WRAPUP 1-TD Bank, CIBC close out poor year for Canada bank earnings with profit misses


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Dec 5 (Reuters) – TD Bank Group and Canadian Imperial Bank of Commerce posted smaller-than-expected quarterly earnings on Thursday, closing out the worst year since the financial crisis.

Three of the four Canadian banks that reported earnings prior to Thursday saw share sell-offs, as sliding investment banking fees, pressure on margins and an increasingly weak credit environment led to disappointing results.

While net interest margins in Canada have largely remained stable as the Bank of Canada has left interest rates unchanged since September 2018, consumer insolvencies, which have climbed to the highest since 2010, have forced lenders to increase their loan loss provisions.

TD, Canada’s second-biggest lender by market value, reported adjusted earnings per share of C$1.59, down from C$1.63 a year ago and short of analyst estimates of C$1.74, according to IBES data from Refinitiv.

Excluded from TD’s adjusted earnings was a restructuring charge of C$154 million related largely to severance payments.

Chief Financial Officer Riaz Ahmed declined to provide the number of jobs affected, instead pointing out that the bank had added almost 3,500 jobs through 2019 as it boosts its investment in technology.

While TD considers acquisitions occasionally, its focus is on organic growth, Ahmed added in an interview. The bank expects “more moderate growth for 2020” than the bank’s 7% to 10% adjusted EPS growth target, closer to this year’s 3.4% expansion, he said.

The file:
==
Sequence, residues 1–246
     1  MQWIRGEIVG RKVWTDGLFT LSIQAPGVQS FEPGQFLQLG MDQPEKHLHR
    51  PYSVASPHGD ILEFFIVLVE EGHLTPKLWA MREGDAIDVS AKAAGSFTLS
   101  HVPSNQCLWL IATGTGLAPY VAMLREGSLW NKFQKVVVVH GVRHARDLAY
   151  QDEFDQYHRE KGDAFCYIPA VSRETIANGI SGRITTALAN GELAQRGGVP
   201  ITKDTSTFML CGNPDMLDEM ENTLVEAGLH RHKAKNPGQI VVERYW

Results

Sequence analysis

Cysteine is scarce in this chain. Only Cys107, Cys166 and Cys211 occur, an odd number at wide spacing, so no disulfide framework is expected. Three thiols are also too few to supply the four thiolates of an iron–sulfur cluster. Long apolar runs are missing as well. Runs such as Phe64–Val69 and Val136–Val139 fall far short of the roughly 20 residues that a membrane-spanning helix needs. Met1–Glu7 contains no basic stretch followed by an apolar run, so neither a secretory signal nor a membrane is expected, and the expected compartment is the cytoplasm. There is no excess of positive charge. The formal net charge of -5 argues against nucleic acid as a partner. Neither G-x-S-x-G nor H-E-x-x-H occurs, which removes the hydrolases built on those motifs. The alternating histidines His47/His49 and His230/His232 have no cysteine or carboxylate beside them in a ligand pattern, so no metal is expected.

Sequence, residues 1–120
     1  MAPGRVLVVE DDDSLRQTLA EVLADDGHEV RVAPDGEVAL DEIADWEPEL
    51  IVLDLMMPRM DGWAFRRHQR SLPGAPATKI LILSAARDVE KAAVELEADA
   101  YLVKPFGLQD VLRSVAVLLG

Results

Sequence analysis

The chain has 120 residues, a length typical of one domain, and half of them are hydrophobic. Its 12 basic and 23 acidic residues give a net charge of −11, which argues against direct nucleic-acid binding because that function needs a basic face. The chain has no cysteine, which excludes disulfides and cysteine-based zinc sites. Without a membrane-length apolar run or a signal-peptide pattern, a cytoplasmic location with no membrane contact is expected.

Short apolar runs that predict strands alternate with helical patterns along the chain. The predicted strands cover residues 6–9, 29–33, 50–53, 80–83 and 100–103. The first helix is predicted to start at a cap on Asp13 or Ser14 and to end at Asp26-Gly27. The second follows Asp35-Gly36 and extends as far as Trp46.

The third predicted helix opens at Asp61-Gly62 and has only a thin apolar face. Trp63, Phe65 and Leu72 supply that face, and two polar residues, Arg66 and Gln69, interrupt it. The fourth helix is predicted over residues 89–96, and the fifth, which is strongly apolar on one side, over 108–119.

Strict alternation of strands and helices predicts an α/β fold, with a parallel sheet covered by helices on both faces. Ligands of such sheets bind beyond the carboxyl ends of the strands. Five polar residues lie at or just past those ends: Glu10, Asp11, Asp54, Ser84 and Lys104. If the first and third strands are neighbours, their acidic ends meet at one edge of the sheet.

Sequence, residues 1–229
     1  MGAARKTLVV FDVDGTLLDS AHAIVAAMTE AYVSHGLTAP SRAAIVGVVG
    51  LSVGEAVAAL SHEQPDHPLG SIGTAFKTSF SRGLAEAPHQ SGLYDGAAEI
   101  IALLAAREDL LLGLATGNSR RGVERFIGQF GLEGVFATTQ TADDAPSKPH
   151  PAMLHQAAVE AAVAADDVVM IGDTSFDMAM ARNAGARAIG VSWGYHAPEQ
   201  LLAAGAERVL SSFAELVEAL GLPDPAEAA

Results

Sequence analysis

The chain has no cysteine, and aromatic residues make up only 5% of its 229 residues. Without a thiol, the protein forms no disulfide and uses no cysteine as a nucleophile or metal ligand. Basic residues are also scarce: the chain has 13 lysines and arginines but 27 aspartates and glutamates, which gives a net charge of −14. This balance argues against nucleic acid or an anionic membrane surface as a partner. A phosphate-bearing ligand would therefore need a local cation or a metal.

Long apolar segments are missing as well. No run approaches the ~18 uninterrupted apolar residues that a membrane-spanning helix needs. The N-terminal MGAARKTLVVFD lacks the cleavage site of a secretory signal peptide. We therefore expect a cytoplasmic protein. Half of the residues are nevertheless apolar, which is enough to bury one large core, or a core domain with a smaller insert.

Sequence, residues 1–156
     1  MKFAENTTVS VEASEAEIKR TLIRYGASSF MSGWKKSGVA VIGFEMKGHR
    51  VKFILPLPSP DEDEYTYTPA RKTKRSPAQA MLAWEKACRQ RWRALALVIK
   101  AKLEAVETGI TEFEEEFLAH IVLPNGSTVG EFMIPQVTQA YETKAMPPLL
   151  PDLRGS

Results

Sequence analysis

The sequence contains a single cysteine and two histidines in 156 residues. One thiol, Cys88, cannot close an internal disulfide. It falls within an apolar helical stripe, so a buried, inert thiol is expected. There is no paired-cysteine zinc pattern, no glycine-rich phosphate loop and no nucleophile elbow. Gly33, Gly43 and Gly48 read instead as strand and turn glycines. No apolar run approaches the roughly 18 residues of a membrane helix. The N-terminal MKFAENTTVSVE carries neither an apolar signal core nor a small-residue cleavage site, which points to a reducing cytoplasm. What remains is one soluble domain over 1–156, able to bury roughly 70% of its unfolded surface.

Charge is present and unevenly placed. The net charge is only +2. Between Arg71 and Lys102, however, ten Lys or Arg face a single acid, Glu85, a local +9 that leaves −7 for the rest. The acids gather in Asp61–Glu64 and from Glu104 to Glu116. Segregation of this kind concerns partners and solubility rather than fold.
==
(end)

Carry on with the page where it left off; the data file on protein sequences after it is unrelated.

Following the acquisition by Charles Schwab of TD Ameritrade, in which TD Bank owns a 43% stake, the Canadian bank will work out with Schwab how it will use its capabilities to bring a bigger platform to customers, Ahmed said.

TD Bank’s provisions for loan losses, or the amount a bank sets aside to cover bad loans, rose 33% to C$891 million a year earlier, while CIBC’s climbed to C$402 million from C$264 million. Both significantly exceeded analyst estimates.

CIBC’s profit fell to C$2.84 a share, from C$3.10 a year ago, missing expectations by 22 cents.

Adjusted income at TD’s domestic retail business rose 2% to C$1.77 billion ($1.32 billion), while the U.S. retail business’s profit grew nearly 7% to C$1.19 billion. Wholesale banking, which includes capital markets and investment banking, dropped 44%.

At CIBC, a 22% increase in adjusted earnings from U.S. commercial banking and wealth management was offset by a 4% decline in Canadian retail banking and a 12% drop in capital markets.

$1 = 1.3301 Canadian dollars
Reporting by Nichola Saminather in Toronto; Additional
reporting by Abhishek Manikandan and C Nivedita in Bengaluru;
Editing by Vinay Dwivedi and Steve Orlofsky


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